In linguistics, a collective noun refers to a collection of things taken as a whole. Most collective nouns in everyday speech are mundane and not specific to just one kind, such as the word “group”, which is applied to “people” in the phrase “a group of people”, but is also applied to “dogs” in the phrase “a group of dogs”. Other collective nouns are specific to one kind, especially terms of venery, which identify specific groups of animals. For example, “pride” as a term of venery always refers to lions, never to dogs or cows.
One time on #BanterWithBooksellers we had a bit of a laugh and listed all the stuff that we have received (and like receiving) from publishers to help market their books and there were a few I won’t include (such as brown envelopes full of cash), this prompted the decision that the collective noun for booksellers must be “A Blag of Booksellers.”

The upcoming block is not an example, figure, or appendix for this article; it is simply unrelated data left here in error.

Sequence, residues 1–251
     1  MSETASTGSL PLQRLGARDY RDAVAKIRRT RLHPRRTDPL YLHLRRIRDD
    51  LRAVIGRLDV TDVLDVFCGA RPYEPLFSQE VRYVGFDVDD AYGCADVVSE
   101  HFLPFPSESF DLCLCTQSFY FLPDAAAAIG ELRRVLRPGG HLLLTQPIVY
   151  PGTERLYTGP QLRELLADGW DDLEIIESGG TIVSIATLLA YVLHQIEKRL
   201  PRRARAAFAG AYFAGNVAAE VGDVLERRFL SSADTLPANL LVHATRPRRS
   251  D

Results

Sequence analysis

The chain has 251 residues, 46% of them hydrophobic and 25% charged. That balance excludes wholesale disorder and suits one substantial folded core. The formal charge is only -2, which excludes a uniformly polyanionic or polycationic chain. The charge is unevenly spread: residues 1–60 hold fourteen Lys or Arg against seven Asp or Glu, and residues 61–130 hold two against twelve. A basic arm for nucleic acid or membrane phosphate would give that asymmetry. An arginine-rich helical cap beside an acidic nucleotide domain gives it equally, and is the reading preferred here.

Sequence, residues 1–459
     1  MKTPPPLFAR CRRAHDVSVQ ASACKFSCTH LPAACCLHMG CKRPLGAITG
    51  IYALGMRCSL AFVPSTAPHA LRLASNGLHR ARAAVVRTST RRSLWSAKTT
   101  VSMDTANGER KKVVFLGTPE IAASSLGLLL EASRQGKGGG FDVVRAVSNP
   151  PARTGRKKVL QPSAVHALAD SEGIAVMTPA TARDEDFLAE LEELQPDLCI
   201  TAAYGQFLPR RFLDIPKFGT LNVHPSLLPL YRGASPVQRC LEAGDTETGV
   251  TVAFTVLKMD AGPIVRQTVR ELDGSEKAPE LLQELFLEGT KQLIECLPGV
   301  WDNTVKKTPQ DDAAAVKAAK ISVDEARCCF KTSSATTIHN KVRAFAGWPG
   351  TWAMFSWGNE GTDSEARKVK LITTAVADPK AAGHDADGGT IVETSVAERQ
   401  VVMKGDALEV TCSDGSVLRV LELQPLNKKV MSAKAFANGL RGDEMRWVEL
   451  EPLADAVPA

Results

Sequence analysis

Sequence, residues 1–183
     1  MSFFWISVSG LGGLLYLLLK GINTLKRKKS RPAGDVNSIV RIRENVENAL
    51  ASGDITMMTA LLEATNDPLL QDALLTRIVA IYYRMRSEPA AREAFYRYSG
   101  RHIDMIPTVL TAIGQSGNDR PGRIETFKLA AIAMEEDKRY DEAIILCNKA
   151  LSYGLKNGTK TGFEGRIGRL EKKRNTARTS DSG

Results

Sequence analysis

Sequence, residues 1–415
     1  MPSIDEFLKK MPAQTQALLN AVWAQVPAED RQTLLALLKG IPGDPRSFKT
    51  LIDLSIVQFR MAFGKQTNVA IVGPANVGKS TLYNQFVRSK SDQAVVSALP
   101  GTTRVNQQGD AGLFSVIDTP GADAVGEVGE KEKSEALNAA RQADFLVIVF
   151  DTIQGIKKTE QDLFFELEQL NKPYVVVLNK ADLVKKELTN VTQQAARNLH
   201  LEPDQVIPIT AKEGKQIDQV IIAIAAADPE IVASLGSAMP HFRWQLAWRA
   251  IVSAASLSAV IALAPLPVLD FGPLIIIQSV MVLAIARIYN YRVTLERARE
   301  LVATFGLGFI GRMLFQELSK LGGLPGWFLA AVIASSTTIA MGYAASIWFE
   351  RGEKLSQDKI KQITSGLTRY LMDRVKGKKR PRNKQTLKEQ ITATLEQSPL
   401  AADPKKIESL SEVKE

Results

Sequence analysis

These were the most popular items:
- chocolate (food in general)
- tote bags
- fridge magnets
- snow globes for wintery books
- inserts with social media details, etc
- book-themed thingies
p.s. a box of glitter that came with a book recently was not on that list, finding that for years thank you 😉
You can always email me on firstname.lastname@example.org with any suggestions.